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What to Do When Someone Says a Competitor Is Better Than You on Social Media

Welcome to my first social media-related post! Since I work in social, I decided I should probably start writing some educational stuff. So sit back, relax, and enjoy!

A couple weeks ago I had a pretty interesting experience on Twitter with a brand I was considering doing business with, and it got me thinking – there’s a lot of tricky situations that happen in social every day, and there’s a lot of different ways to deal with them. I want to share MY methods of working through this particular situation, in hopes that it can be a help to others.

All Companies are Not Right for All People

When someone is comparing your product or service with someone else’s saying they’re better, your first reaction is probably to get defensive. After all, this is YOUR company they’re talking about. You’re the best for everyone, right?

WRONG.

Generally, all companies are not right for all people. Unless you’re a bacon factory. In which case, carry on. You’re fine. But in most cases, what is right for one customer may not serve another. That’s why we have competitors – they (usually) offer something you don’t, or claim to do whatever you do, better.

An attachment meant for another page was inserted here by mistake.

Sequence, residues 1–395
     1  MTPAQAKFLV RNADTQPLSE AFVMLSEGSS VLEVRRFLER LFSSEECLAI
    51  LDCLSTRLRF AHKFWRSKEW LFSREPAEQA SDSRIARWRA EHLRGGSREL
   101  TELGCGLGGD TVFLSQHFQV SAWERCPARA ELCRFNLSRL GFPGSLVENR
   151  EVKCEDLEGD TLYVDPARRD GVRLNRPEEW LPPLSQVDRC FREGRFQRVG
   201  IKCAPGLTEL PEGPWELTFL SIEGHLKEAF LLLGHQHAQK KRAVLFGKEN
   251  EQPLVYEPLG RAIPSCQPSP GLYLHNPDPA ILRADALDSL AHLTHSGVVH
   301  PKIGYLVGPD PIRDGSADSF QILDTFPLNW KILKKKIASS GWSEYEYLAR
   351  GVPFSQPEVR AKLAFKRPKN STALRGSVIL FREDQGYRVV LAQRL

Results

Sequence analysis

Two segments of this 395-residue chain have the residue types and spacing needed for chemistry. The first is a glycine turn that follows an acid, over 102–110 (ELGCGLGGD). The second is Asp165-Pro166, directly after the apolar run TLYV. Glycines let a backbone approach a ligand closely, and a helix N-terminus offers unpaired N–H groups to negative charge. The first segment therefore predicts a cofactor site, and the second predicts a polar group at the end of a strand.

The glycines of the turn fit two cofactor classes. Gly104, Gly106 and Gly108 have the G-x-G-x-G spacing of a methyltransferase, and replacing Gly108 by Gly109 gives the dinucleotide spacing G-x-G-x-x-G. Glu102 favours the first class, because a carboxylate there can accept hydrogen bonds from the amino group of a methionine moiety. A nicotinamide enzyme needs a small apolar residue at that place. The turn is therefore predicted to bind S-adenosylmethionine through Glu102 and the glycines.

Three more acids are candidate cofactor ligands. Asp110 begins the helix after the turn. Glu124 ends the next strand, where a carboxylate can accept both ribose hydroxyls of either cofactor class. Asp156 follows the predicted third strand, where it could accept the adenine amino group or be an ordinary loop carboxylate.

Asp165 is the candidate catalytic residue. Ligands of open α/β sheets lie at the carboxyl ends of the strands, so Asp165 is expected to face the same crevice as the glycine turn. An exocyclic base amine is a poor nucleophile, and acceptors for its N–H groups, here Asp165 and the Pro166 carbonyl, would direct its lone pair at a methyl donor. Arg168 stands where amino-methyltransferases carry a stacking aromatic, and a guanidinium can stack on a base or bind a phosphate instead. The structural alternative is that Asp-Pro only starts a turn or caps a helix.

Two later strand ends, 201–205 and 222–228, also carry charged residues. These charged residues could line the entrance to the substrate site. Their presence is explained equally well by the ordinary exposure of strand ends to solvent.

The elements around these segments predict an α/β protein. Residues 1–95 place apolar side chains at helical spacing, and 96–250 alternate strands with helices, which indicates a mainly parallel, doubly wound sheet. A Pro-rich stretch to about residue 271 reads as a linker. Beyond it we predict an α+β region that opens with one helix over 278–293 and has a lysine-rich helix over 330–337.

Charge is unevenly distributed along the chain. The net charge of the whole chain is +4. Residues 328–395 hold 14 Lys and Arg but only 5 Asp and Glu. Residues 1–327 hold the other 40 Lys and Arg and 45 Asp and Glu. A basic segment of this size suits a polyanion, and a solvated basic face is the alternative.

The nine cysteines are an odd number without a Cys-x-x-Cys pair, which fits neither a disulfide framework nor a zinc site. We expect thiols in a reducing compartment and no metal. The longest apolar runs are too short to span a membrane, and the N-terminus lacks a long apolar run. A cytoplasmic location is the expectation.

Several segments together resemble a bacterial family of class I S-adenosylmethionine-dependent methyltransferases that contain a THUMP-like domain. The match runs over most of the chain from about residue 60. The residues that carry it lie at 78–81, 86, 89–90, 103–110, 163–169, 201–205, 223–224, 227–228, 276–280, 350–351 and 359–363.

So what should you do when someone says, “I think that X company is the same if not better than Y,”? First, take a look at the actual conversation. If it’s on Twitter, look at the previous tweets. Is this in response to what someone else said? Usually tweets or comments like this are part of a larger conversation. The original tweet tends to be someone asking an opinion of their followers, or advice from other people who use yours or a similar product or service. Stepping back and taking a minute to survey the landscape can can help save you from a faux pas in your response.

What Might Happen if You Call Out a Competitor

When you see someone comparing you to another guy, your first thought may be, “They’re so wrong! They don’t understand my company! I need to change this!” That’s basically what happened in my exchange. They called out their competitor by name, and asked their community to try and change my opinion.

Oh boy.

Oh boy.

How did it turn out? It started a FIRESTORM. Customers of this brand were tweeting at me left and right, and some of them weren’t so nice. Not helpful, not constructive. Is that really how you want your business represented to potential customers? Didn’t think so.

The one positive point of the situation is that this company clearly has a really passionate community. Harnessing that passion can be a great tool, if you use it correctly. In this case, it wasn’t done so well.

So, How Could This Have Been Handled Differently?

In this particular scenario, I have a two-pronged approach.

1. Leave your competitor out of it. – I am VERY against calling out a competitor like that. It isn’t helpful, and it’s bad form. Like I said before, what you provide isn’t right for everyone. So don’t make yourself look bad by trying to put down other companies who are also in your industry.